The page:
The proposed merger between Consolidated Communications and FairPoint Communications, if approved by regulators, would likely enhance competition for broadband services. So far, the transaction has sailed through federal agency reviews. Yet the proposed Consolidated/FairPoint merger still faces parallel reviews by several state public utility commissions (PUCs). Surely, the transaction deserves state PUC reviews that are timely and focused on likely competitive effects.
In a transaction worth $1.5 billion, Consolidated Communications and FairPoint Communications would combine their fiber networks, thereby expanding their Ethernet footprint and serving multi-location enterprise broadband customers as well as wireless backhaul customers with faster speeds and better reliability. The proposed Consolidated/FairPoint merger poses no apparent downside for residential or business customers of voice or broadband services. The two providers do not compete head-to-head anywhere. And neither party to the merger ranked in the top 10 for Ethernet ports in the U.S. at mid-year 2016.
Not surprisingly, the transaction speedily received antitrust clearance by the Federal Trade Commission. A review by the Federal Communications Commission, which elicited only one public comment, will likely be concluded in short order. However, the proposed Consolidated/FairPoint must still undergo a multiplicity of regulatory reviews by state PUCs. It has been reported that the transaction must receive approval in 17 states.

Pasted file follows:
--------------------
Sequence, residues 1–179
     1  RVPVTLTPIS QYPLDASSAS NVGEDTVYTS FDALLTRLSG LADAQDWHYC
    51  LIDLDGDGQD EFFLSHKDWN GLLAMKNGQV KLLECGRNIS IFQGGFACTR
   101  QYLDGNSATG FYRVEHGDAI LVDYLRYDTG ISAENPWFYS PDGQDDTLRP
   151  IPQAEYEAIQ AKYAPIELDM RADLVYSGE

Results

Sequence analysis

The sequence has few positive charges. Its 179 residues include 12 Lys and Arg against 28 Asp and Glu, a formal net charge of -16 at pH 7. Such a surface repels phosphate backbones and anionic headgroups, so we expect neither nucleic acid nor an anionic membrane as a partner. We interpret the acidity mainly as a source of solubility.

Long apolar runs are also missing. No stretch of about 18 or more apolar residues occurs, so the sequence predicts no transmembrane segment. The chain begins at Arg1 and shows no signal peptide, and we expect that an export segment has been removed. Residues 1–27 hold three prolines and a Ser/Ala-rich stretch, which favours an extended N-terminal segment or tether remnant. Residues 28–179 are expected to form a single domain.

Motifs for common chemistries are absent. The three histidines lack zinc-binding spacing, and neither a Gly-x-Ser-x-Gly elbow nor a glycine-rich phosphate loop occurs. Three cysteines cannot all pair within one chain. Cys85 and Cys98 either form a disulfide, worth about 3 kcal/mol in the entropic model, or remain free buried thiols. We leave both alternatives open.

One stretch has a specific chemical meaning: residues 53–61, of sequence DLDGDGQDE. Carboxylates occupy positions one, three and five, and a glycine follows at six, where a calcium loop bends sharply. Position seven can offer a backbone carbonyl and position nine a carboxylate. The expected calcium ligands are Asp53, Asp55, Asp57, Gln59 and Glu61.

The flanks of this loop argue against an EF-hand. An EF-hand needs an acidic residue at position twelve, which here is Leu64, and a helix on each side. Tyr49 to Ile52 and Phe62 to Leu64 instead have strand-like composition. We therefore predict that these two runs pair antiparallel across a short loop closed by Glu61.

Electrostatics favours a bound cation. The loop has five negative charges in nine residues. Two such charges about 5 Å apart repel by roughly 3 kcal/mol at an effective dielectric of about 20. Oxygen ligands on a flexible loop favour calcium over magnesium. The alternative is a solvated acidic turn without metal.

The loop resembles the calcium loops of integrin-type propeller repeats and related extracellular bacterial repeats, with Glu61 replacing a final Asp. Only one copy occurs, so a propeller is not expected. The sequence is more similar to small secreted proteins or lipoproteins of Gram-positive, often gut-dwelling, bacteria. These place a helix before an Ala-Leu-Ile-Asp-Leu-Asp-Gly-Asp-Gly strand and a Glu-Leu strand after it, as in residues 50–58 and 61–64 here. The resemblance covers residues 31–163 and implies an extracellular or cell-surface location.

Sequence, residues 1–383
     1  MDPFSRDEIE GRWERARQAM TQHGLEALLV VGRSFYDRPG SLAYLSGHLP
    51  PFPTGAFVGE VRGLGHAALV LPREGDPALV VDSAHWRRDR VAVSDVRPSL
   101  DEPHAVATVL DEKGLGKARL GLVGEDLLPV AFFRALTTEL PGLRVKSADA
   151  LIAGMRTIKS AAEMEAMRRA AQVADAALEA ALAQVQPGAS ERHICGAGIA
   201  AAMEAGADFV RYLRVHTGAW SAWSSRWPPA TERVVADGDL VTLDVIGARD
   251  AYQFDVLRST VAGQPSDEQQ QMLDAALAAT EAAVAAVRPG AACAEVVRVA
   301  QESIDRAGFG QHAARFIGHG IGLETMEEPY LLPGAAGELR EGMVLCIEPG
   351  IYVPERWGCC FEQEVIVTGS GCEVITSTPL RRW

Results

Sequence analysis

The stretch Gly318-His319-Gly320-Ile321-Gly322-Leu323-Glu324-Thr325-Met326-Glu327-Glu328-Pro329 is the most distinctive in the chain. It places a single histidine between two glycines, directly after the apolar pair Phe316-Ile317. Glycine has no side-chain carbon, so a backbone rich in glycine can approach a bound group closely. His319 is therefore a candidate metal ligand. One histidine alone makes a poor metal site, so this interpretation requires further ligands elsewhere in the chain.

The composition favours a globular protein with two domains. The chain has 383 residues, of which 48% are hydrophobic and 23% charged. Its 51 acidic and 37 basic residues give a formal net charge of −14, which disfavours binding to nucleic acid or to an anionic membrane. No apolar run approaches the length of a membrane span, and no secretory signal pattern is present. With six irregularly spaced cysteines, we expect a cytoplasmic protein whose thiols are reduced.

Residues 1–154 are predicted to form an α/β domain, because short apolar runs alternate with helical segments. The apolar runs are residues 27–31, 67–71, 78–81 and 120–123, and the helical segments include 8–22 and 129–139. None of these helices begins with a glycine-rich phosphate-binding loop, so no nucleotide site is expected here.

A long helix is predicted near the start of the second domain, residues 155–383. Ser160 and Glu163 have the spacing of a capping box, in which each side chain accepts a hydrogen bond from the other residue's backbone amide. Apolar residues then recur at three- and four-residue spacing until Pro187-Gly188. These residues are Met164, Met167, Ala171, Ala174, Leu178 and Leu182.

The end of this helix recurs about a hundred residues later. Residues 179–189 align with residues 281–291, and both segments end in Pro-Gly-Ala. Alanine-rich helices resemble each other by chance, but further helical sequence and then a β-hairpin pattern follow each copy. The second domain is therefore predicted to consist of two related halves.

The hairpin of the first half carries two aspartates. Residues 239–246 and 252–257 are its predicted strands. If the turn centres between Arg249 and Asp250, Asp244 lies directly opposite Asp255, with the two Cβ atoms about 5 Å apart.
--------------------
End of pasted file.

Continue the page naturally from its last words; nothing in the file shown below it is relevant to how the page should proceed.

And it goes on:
Mergers that are pro-competitive on their face should not be slowed down by numerous and overlapping reviews by federal and state regulatory agencies. More particularly, parallel state PUC reviews of merging telecommunications providers ought to consider only merger-specific competitive effects and be conducted in a timely manner. State PUC merger reviews that fail to follow such a course are highly problematic. As I explained in a March 6 blog post regarding the proposed CenturyLink/Level 3 merger:
State PUC regulators can succumb in merger reviews to many of the temptations that have plagued FCC reviews. Regulators can become preoccupied with non-merger specific issues and use their leverage to impose regulatory conditions on their approval that are unrelated to the transaction or perhaps more fit for industry-wide rulemakings.
Going forward, state PUCs reviewing the proposed Consolidated/FairPoint merger should consider only the transaction’s competitive impact. State PUCs should not impose unnecessary conditions and they should conclude their reviews promptly.